Whomever Asheville City Council appoints to the Council seat about to be vacated by Vijay Kapoor could serve through the remainder of his term: December 2022, a period of more than two years. That’s the duration the city promises in a July 22 city press release calling for applicants.
But a provision in state election law indicates that, if Kapoor’s resignation were to be effective immediately after his last planned Council meeting on Thursday, July 30, Asheville’s citizens would get to vote on his replacement. According to N.C. General Statute 160A-63, if a Council vacancy occurs more than 90 days before the next regularly scheduled city election — which takes place on Tuesday, Nov. 3, 96 days from July 30 — “a successor shall be elected at the next regularly scheduled city election… and the person appointed to fill the vacancy shall serve only until the elected successor takes office.”
Kapoor’s choice of timing may mean that Ashevilleans won’t get to make that vote. In response to an Xpress request for comment on July 24, he said that his effective date of resignation would be Saturday, Aug. 8 — within the 90-day window for the vacancy to be filled for the remainder of his term by Council appointment.
Kapoor initially announced his intention to step down on March 16 to move with his family to Philadelphia, noting that he would not resign until “after the budget process in the summer.” A deed filed with the Buncombe County Register of Deeds on July 9 lists an address in the Philadelphia suburb of Wallingford, Penn., for the Council member. However, Kapoor explained in a July 25 email that he had signed a seller’s possession agreement with the buyer of his house and would continue to live in Asheville through Aug. 8. City Attorney Brad Branham said on July 26 that he had reviewed the relevant documents and concluded that Kapoor remained in compliance with the residency requirement.
At the time of Kapoor’s resignation notice, Council’s timeline for budget adoption ended on June 30, which also would have been outside of the 90-day window from the general election; Council later extended the budget process in response to community racial justice protests and calls for defunding the Asheville Police Department.
“I am not changing my mind about my resignation date, which will be Aug. 8,” Kapoor said July 25, in response to an Xpress request for comment about the electoral ramifications of his decision. “I was democratically elected by the voters of this city to a term that would have initially expired in 2021, and I am going to fully participate as a council member until the minute my resignation is effective. Council members obviously do more than just attend regularly scheduled Council meetings, and given how unpredictable things have been this year, there’s always the possibility of the need to have an emergency meeting.”
Mayor Esther Manheimer said she would she not weigh in on the timing of Kapoor’s resignation in a July 26 email to Xpress. “As for the date of Councilman Kapoor’s resignation, that will be up to him and I support his decision to continue his council work until he can no longer carry out those duties,” she wrote.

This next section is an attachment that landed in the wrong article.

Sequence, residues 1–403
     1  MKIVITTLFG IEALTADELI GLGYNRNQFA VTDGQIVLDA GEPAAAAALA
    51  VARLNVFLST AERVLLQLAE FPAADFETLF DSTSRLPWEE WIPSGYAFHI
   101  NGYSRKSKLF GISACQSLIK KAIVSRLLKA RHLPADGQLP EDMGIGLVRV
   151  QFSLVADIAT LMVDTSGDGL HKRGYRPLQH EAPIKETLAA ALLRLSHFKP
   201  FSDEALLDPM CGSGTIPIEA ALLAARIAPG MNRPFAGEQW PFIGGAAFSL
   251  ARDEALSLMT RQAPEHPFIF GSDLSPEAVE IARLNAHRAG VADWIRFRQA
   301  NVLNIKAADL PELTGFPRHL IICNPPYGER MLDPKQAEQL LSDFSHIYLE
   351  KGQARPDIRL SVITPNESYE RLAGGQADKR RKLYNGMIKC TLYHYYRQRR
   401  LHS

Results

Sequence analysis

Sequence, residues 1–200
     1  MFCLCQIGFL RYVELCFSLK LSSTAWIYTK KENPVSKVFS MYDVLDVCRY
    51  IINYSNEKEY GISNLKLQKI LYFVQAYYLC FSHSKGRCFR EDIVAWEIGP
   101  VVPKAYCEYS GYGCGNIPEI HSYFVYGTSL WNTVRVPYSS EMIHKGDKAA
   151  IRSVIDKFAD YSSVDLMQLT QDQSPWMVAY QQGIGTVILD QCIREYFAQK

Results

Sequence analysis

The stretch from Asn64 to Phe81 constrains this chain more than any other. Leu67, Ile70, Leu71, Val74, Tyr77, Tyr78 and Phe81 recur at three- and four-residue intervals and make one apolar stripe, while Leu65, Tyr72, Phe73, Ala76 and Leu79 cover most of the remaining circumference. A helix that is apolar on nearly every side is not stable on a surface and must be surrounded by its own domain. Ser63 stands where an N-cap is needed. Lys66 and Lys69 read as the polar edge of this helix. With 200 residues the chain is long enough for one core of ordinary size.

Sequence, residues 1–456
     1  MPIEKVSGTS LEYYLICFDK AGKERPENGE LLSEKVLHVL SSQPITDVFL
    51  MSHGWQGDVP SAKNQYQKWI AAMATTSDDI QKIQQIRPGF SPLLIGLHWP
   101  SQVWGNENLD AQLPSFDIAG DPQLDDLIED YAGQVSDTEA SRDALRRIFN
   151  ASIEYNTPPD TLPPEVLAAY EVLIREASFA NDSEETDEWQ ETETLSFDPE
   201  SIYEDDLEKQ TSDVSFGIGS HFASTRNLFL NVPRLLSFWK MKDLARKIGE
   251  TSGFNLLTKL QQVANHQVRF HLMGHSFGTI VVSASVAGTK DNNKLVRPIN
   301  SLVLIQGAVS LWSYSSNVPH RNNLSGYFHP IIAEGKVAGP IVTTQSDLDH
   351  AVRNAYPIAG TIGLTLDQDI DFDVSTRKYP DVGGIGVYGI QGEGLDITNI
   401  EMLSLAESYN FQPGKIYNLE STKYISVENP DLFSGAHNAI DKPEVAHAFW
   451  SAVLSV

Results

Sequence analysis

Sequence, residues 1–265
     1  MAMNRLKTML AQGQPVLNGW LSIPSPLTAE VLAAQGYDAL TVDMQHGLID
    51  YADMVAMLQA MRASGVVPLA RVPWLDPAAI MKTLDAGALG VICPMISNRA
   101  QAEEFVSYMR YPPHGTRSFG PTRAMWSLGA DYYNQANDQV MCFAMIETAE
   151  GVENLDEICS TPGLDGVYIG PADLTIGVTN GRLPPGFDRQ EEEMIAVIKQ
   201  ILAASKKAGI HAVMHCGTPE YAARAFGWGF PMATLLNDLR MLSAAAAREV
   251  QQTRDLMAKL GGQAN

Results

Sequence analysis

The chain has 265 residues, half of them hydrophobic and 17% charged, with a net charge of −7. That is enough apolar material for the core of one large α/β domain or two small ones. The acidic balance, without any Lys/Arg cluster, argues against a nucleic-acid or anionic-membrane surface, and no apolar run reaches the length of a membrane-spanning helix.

The state law conflicts with language in Asheville’s city charter, which states that “any vacancy in the office of mayor or council shall be filled by the council for the remainder of the unexpired term.” Jake Quinn, chair of the Buncombe County Board of Elections, said on July 25 that city officials had not reached out to him about the apparent discrepancy between municipal and state rules.
“It was nothing that hit our radar at Election Services because municipal vacancies are generally filled by appointment,” Quinn said. “But I know that this is an unusual case, and I’m not really sure what the rules are for us.”
A memorandum distributed by Branham to Council members on March 16, however, indicates that Kapoor’s colleagues have long been aware of the potential for a special election. The document outlines both state and local laws regarding the vacancy and describes the electoral process that would be used to fill the seat if Kapoor were to resign more than 90 days before Nov. 3. He says that a second primary would be required for that election, which would take place in October if more than two candidates filed for the open office.
Branham suggested in the memo that, even if Kapoor resigned in early August, Council could still avoid holding an election by relying on the city charter’s language. “There is some risk in doing so because state law suggests that a primary may be necessary under these circumstances,” he explained. “However, Asheville is unique in that we have even-year elections on a nonpartisan primary basis. Currently, no one else in the state does this, and the law was not written to provide for such a condition.”
Quinn said he had reviewed the relevant laws as well but “didn’t find the clarity that I sought.” He plans to speak with legal counsel at the N.C. State Board of Elections in the near future to reach a more definitive conclusion.
Fairness and adherence to the law, Quinn added, should drive any process to fill Kapoor’s vacancy. “I umpire baseball too: It’s the same thing,” he said. “It’s just the rules are more clear in baseball.”
Updated at 3:20 p.m. on July 25 to add comment from Jake Quinn and additional details about Vijay Kapoor’s relocation plans.
Updated at 7:35 p.m. on July 25 to add comment and clarification from Vijay Kapoor.
Updated at 5:14 p.m. on July 26 to add comment from Esther Manheimer and Brad Branham.